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Our purses, our selves
'The Purse and the Person' exhibit offers bags full of previously undocumented women's history

By Ellen Snortland

My inner women's-history geek leaped for joy when I found out that the Pasadena Museum of History is highlighting the most public and personal possession that a woman has: her purse. Men need not feel excluded since many men now carry purses too. I know, I know. Just as boys' dolls are called "action figures," to avoid the dreaded taint of "sissified" toys, some men may cringe when their "bags," whether they are briefcases or knapsacks, are referred to as purses, but purses they are nonetheless! Hey, GI Joe is a doll, OK? A briefcase is a square purse.

I would like to encourage people, men and women alike, to get out and see the "The Purse and the Person: A Century of Women's Purses," exhibition. You have until the end of March -which also happens to be Women's History Month - to take a stroll down history lane from the perspective of our purses, our selves.

If you don't carry a purse, you at least are intimately related to a few purse carriers. A purse may well have been your first toy, since most mothers know how entertaining they are to a child - girl or boy.

Why would the PMH displaying purses be a source of delight to me? As a women's history buff as well as museumgoer, I know all too well that women get short shrift. For example, women artists are vastly underrepresented in fine art museums. As the famous "hit and run" artist activists the Guerrilla Girls, aka "the conscience of the art world," have pointed out, "Do women have to be naked to get into the Metropolitan Museum? Less than 5 percent of the artists in the modern art sections are women, but 85 percent of the nudes are female."

By the same token, it's rare that women's lives and cultural artifacts get front and center stage, or in this case, the main display rooms in a museum.

Traditionally women's lives have been considered less valuable, and by extension less interesting, than men's. We therefore don't occupy as much space in our collective storytelling, whether that narrative is in the form of column inches, movies, television, books or museum curating. After all, a society documents that which or those whom it respects. Said another way, history is written by the victors. Museums are showcases of history and women have gone missing in many historical accounts.

As writer Jenine Baines noted in her article about "The Purse and the Person," in the Jan. 31 edition of the Pasadena Weekly, one of her male colleagues exclaimed incredulously, "An exhibit about purses?" You most likely won't get that reaction from a woman or girl; they know the richness and vital natures of their hand "baggage." The exteriors of our purses announce who we are (or aspire to be), and the interiors contain the most intimate aspects of our lives: secrets, keys, birth control, contact information and finances.

For some men, purses are emblematic of women's frivolous natures. Oh, but just wait until they need a tissue or wonder if we can carry their keys for them! No wonder they carry their own now.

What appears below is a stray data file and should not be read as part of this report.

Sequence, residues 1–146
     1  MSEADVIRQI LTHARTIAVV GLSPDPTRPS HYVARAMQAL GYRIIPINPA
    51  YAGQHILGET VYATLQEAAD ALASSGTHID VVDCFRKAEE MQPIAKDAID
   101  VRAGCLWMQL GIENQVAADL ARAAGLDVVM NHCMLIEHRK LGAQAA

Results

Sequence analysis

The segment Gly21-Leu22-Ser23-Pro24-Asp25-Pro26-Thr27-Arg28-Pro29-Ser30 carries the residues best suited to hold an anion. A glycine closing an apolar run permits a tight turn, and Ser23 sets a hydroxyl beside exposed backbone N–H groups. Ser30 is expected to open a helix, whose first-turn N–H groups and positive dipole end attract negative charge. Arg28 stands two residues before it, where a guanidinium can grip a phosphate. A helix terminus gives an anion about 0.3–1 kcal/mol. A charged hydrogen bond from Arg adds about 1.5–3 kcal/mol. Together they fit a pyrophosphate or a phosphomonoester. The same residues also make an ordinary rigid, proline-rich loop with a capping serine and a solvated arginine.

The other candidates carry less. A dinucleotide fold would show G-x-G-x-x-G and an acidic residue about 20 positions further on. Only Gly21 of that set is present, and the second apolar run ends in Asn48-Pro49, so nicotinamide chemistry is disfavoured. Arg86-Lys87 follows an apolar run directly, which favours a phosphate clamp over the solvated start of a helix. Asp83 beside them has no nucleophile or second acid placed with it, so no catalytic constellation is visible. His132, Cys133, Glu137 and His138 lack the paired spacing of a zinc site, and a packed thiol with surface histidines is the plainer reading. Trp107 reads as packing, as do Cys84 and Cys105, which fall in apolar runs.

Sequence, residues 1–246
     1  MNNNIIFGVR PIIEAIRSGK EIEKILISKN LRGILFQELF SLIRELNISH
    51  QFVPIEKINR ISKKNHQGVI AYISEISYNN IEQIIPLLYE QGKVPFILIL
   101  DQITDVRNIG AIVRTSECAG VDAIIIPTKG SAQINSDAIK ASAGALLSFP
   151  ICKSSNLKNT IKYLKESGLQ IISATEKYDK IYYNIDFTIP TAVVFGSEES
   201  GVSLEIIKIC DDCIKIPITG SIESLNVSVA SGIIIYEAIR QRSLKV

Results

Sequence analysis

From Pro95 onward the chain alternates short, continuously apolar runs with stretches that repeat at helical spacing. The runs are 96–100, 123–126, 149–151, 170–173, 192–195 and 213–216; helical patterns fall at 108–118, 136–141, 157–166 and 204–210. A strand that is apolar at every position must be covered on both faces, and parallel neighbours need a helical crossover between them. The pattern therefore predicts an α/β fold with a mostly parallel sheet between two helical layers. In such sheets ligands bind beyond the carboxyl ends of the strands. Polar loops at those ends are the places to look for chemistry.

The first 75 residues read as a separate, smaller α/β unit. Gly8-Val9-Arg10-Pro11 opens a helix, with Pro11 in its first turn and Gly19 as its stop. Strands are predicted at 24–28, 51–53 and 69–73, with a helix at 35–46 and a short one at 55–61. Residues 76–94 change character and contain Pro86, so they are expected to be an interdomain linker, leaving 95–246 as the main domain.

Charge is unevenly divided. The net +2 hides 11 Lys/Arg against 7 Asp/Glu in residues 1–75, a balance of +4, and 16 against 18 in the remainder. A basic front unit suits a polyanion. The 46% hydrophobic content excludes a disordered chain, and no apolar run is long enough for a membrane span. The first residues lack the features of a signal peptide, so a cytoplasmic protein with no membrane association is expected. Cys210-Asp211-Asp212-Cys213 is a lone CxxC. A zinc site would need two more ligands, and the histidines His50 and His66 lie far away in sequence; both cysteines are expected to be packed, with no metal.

Thanks to the volunteer efforts of professional photographers Rob Greer, Gilda Davidian and Terry Miller, "The Purse and the Person" exhibit adds a local perspective (pursepective?) through custom posters and a slide show of local notables and their purses, including popular actor and activist Jane Kaczmarek; former Assembly member and state Senate candidate Carol Liu; LA Times columnist and natty dresser Patt Morrison; Doo Dah Parade Queen Naughty Mickie; and the first woman Tournament of Roses president, Libby Evans Wright.

There are too many others to list here but, in a nod to recent purse history, also included are several men who are secure enough in their masculinity to display their purses, er, briefcases: Sheldon Epps, executive director of the Pasadena Playhouse; Raul Rodriguez, award-winning float designer and HRH Andrew, Duke of the Doo Dah parade. All of them has a narrative about what their purses means to them.

Behavioral scientists say that smell is one of the most emotionally evocative ways to remember someone or something. I remember the smell of my mother's handbag in the '50s like it was yesterday. It smelled like Revlon lipstick and a slight dusting of talcum powder. Viewing the purses on display at the PMH was strangely powerful: the women's movement expressed in all our decorative, utilitarian and yes, sometimes frivolous styles. We carry our history, our bags and lives on our arms and shoulders with pride.

"The Purse and the Person" is at the Pasadena Museum of History through March 30. The museum is located at the corner of Orange Grove Boulevard and Walnut Street. Parking is free in the museum lot. Exhibit hours are noon to 5 p.m. Wednesdays through Sundays. Suggested donation is $5. Children under 12 are admitted free. For additional information, visit or call (626)577-1660, ext. 10.

Pasadena Weekly: 2/14/08

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